AviaBellanca Aircraft Corp announced in 1998 an advanced derivative of the SkyRocket, the AviaBellanca 19-25 Skyrocket III. Incorporating carbon fibre/Nomex foam structure and a 435 hp Continental GTSIO-520, the Skyrocket III has a 0.0155 drag coefficient.They claim a kit could be assembled in 3500 hours and take from 325 to 500 hp.


Skyrocket III


 SkyRocket II
Engine: Continental GTSIO--520-F, 435 hp.
Gross weight; 3775 lb
Cruise speed: 220 kt at 16,000 ft
Fuel capacity: 180 USG
Seats: 6


SkyRocket II
Engine: One Continental GTS520-520D, 375 hp
Oil capacity 15 qts.
Wing span: 35ft
Length overall: 27ft
Height overall: 9ft
Wing area: s: 182.6 ft²
Weight empty: 2450 lb (kg)
Max T/O weight: 4100 lb (kg)
Total fuel usable capacity 2 wing tanks: 150 US gallons / 568 lt
Max never-exceed speed: 280 knots IAS
Max cruising speed (75% power): 210 knots
Cruising speed (65% power): 200 knots
Stalling speed, wheels and flaps down: 56 knots
Vx (best angle of climb): 80 knots
Vy (Best rate of climb): 90 knots
Max demonstrated crosswind component: 18 knots
Max rate of climb at S/L: 1900ft/min
Service ceiling: 36,000ft
T/O to 50 ft (15 m):1790ft
Landing from 50 ft (15 m):1665ft
Range, 75% power: 1056nm
Range, 65% power: 1273nm
Seats: 6
Systems: 12V electrical


AviaBellanca 19-25 Skyrocket III
Engine: Continental GTSIO-520F, 435 hp
Power Loading: 9.7 lb/hp
Wing Loading: 23.0 lb/sq.ft / 112.3 kg/sq.m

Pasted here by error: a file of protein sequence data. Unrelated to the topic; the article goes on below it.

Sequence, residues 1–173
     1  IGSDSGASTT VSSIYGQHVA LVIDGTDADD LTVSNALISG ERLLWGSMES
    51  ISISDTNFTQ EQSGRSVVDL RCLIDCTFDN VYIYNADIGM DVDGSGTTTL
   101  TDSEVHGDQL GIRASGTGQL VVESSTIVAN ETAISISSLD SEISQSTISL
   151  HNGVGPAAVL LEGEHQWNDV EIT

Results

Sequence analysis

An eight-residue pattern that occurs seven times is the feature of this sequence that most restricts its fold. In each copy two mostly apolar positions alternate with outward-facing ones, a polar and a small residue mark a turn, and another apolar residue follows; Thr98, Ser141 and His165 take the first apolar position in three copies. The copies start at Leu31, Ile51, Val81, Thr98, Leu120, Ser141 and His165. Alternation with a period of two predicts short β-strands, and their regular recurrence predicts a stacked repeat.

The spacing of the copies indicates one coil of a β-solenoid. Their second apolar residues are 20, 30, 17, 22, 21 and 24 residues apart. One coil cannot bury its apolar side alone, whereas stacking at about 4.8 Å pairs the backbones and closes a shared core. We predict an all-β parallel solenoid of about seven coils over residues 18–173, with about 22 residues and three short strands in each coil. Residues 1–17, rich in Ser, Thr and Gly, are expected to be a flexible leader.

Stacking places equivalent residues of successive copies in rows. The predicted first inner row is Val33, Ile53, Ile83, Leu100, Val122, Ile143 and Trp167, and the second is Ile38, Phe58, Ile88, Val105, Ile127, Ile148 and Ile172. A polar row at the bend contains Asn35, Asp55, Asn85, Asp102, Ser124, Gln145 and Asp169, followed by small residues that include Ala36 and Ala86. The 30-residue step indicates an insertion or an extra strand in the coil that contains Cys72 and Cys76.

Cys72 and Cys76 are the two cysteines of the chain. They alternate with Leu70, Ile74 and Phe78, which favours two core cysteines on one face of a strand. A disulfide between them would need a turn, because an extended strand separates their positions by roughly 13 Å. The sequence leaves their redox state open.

Length: 27.0 ft / 8.23
Wing Span: 35.0 ft / 10.67
Height: 9.0 ft /   2.74
Wing Area: 182.6 sq.ft / 16.96 sq.m
Maximum Gross Weight: 4200 lb / 1905 kg
Empty Weight: 2490 lb / 1129 kg
Useful Load: 1710 lb / 776 kg
Maximum Baggage: 200 lb / 91 kg
Cabin Length: 155 in / 395 cm
Cabin Width: 45 in / 114 cm
Cabin Height: 48 in / 122 cm
Crew: 1
Passengers: 5
Integral Wing Tanks: 176 USG / 666 lt
Alternative Engines:
Teledyne Continental TSIO-550, 350 hp
Teledyne Continental GTSIO-520-L, 375 hp
Maximum speed, @20,000ft: 340 mph / 296 kts / 547 kph
Cruise @5000ft (1521m), 75% pwr: 270 mph / 235 kts / 435 kph
Cruise @10,000ft (3041m), 75% pwr: 282 mph / 245 kts / 454 kph
Cruise @26,000ft (7925m), 75% pwr: 327 mph / 284 kts / 526 kph
Cruise @26,000ft (7925m), 65% pwr: 314 mph / 273 kts / 505 kph
Stall, landing configuration: 68 mph / 59 kts / 109 kph
Range (w/45 min res) (@10,000ft / 3041m; 75%pwr) Full Fuel: 1800 sm / 1565 nm / 2897 km
Range (w/45 min res) (@26,000ft / 7925m; 65%pwr) Full Fuel: 2300 sm / 2000 nm / 3701 km
Landing Dist 50ft (15m): 1786 ft / 544.4 m
Landing Grd Run, S.L.@ISA: 922 ft / 281.0 m
Ground Run, S.L.@ISA: 680 ft / 207.3m
Total to clear 50ft (15m): 1128 ft /344.8m
Max ROC S.L.@ISA: 2080 fpm


Skyrocket III
Empty weight: 1129 kg
Wing span: 10.67 m
Wing area: 14.96 sq.m
Fuel capacity: 666 lt
Engine: Continental GTISO-520F, 435 hp
MAUW: 1905 kg
Seats: 6
Max speed: 547 kph
Cruise speed: 526 kph
Minimum speed: 109 kph
Climb rate: 10 m/s
Fuel consumption: 90 lt/hr
Kit price (1998): US$85,000